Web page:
I work with companies around the world as a Customer Success consultant, I speak at events, and I do workshops.
I’m constantly teaching others about Customer Success.
And even more, I’m constantly learning.
My understanding of Customer Success is constantly evolving.
As I am exposed to what’s working – and what’s not – both at a conceptual or strategic level and the day-to-day tactical level, I am continually evaluating and refining my approach to this incredibly complex and valuable business function.
But sometimes I learn something that doesn’t change anything but the way I talk about Customer Success and its core principles.
Often it’s a change that exponentially improves my ability to get the point across.
And that change usually comes directly from the people I’m working with.
Here’s an example of one of those changes.
We have a problem
In my public workshops we usually have different groups of people from different companies sitting at their own tables (depending upon the configuration of the room).
At a recent workshop in Brazil, there was this one company that called me over during our working session because they needed some help.
The spokesperson for the group said: “Lincoln, we have some problems.”
She said that they worked with real estate agents, and they were telling me that their real estate agents don’t care about technology, are very impatient, want everything done for them, etc..
I don’t remember exactly what all the specifics were, but they kept saying these things, and I said, “You’re not describing problems. You’re describing customer characteristics.”
By the way, I’ve heard this for years from companies about their customers. Those customers include:
- Oil & Gas Companies
- Fitness Professionals
- Startup Founders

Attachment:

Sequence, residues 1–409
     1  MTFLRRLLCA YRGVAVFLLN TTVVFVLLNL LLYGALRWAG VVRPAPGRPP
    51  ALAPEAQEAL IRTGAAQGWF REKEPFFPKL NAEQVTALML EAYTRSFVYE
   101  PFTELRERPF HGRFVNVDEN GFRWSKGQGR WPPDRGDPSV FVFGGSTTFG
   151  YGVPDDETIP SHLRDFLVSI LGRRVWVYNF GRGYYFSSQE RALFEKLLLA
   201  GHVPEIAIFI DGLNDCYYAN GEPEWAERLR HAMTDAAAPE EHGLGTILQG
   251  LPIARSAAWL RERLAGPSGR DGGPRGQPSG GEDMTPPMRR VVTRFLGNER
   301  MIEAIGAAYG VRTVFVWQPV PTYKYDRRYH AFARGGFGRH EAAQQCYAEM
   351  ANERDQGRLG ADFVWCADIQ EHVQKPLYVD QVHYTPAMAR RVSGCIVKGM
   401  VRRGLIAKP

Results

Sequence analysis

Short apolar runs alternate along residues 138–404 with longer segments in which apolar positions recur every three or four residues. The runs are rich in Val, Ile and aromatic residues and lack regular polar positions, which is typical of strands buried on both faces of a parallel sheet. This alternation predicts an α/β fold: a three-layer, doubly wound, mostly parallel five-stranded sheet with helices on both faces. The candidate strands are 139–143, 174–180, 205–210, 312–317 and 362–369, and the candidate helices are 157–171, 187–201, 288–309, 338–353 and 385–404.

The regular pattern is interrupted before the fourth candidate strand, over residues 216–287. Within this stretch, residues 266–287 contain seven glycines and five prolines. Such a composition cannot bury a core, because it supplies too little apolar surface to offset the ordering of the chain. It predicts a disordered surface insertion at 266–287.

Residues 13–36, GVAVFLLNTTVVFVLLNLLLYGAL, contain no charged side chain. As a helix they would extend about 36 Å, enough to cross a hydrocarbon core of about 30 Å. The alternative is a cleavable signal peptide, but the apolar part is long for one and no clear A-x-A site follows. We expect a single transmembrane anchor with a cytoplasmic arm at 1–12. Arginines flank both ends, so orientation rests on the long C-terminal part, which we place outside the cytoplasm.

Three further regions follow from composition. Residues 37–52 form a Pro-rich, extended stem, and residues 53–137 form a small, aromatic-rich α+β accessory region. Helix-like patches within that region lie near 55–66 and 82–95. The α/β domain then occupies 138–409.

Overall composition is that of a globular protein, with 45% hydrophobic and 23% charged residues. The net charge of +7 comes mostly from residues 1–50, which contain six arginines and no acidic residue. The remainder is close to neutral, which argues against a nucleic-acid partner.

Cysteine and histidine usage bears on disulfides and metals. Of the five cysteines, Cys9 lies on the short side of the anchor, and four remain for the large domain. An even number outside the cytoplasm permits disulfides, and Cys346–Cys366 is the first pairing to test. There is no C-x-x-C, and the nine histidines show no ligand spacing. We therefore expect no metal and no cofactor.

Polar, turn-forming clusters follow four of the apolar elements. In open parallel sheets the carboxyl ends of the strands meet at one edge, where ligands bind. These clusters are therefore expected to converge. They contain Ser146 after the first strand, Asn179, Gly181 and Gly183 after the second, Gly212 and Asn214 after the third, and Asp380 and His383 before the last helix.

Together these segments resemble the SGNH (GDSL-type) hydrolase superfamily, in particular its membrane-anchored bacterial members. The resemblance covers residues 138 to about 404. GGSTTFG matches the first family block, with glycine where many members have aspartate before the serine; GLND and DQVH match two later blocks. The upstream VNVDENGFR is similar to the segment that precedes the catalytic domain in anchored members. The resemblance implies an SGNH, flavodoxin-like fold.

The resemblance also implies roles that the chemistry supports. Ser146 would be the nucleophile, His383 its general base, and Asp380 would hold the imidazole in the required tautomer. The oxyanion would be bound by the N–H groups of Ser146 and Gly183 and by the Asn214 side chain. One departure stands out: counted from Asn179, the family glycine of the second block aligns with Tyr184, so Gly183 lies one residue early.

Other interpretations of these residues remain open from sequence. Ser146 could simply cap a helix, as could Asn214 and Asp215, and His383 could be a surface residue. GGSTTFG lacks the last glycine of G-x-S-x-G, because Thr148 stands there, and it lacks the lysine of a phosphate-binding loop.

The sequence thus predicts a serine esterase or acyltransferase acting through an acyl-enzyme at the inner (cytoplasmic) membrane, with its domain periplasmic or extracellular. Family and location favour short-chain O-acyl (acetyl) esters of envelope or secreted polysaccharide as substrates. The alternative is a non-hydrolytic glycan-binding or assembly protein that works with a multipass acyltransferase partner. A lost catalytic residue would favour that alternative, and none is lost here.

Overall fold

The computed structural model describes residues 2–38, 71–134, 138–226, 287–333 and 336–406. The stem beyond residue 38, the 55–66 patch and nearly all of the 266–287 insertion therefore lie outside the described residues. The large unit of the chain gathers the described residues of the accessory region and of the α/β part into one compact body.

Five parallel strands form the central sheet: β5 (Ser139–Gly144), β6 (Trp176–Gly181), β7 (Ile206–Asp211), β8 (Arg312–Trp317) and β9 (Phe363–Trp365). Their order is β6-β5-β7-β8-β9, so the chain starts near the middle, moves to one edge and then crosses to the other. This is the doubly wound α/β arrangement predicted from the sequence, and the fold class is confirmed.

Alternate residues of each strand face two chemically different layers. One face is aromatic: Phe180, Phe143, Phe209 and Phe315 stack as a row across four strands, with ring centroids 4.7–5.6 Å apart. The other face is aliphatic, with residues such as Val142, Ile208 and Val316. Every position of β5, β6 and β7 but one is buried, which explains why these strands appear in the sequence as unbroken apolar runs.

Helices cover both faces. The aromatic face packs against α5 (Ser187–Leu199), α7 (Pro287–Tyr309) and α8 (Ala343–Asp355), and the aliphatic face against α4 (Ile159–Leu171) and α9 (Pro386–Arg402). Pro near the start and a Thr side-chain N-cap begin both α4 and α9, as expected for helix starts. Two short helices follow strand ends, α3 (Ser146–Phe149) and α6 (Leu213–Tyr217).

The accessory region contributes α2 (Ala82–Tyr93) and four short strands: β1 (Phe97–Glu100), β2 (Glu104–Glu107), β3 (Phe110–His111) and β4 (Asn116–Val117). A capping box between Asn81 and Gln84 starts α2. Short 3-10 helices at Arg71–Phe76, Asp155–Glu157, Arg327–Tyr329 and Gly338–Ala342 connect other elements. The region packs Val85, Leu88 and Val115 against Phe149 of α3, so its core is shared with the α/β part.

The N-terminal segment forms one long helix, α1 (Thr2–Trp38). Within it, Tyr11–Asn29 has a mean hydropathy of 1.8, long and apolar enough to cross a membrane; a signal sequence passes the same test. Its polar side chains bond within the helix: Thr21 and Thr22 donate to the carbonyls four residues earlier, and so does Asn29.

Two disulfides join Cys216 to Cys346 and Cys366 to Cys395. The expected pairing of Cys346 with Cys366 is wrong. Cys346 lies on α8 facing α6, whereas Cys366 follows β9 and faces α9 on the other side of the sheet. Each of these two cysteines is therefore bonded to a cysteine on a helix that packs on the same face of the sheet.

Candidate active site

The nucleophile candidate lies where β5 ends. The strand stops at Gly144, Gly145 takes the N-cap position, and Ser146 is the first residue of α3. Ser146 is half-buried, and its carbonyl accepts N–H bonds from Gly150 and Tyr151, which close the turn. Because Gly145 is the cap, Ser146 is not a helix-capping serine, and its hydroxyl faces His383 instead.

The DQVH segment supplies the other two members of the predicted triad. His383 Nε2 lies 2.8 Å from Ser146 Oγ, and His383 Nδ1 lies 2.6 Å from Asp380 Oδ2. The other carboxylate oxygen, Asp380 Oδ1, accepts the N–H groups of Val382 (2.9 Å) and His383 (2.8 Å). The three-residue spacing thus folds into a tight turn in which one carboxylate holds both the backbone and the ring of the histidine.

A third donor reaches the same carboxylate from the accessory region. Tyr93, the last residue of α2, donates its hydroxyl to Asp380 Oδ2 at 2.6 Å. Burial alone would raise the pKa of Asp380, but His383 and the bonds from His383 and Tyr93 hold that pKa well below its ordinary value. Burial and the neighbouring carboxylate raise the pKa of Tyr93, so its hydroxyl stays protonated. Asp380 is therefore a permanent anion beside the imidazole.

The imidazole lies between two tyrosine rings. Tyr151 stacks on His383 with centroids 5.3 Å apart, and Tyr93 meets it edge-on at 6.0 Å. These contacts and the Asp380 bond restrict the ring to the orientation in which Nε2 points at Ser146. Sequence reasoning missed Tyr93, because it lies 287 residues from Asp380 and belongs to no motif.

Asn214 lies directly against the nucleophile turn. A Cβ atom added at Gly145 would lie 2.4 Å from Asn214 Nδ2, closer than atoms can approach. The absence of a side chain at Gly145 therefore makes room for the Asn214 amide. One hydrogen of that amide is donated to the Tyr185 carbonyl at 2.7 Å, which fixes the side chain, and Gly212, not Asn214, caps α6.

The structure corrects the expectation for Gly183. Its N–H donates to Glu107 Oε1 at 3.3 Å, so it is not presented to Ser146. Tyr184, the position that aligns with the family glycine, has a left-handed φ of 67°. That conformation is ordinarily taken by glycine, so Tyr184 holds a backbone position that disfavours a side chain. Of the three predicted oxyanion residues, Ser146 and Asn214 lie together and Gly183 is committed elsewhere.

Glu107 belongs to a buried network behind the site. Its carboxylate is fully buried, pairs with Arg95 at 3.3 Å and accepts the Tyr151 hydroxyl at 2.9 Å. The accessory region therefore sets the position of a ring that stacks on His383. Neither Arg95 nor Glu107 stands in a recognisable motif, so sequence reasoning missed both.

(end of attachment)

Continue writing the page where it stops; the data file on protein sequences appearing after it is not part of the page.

- You (I’ve probably heard you – or a company like yours – described as a “problem”)
At some point, especially if they haven’t been customer-centric in the past or haven’t been deliberate in their customer acquision and growth, people in most companies will start to describe customers as problems.
Because they weren’t deliberate in their growth or because they lost focus on why they – as a company – exist in the market (it’s to make customers successful if you didn’t know), they become the victim of their customer.
They start saying negative things about their customers and they start looking at the things that make their customers their customers as problems.
No, You Have Customers
What I said – “Those aren’t Problems. Those are Customers.” – was an interesting and different way of looking at it than they had been thinking about originally.
It was, in fact, a somewhat profound mindset shift that occurred. One that is required if you want to actually do Customer Success and get the well-documented benefits.
I want you take a step back and say, when you complain about your customers, when you bring up these issues or problems that you have, are they actually problems? Are they actually issues? Or are they just customer characteristics?
Your Limited Options
What I said to that group there in the workshop, and what I’ll say to you, is if they’re customer characteristics, you basically have two choices.
One, find a different type of customer.
But, if they’re a good fit, and this is the type of customer you want to do business with, then the other option is to figure out how to work around their unique characteristics.
You only have two choices.
A Third (Bad) Option
Well, I guess you have a third choice, which is just continue complaining about it and try to force whatever experience you want – vs. their actual Appropriate Experience (AX) – on them, even though it doesn’t fit their known characteristics.
That’s going to create a Cycle of Apathy as you deliver the wrong experience, your customers are not successful, you blame them, continuing the cycle. Ultimately – and probably sooner rather than later – this will end up being bad for everybody,
You don’t have a problem, you have a customer.
Hopefully that’s a mindset shift that helps a little bit.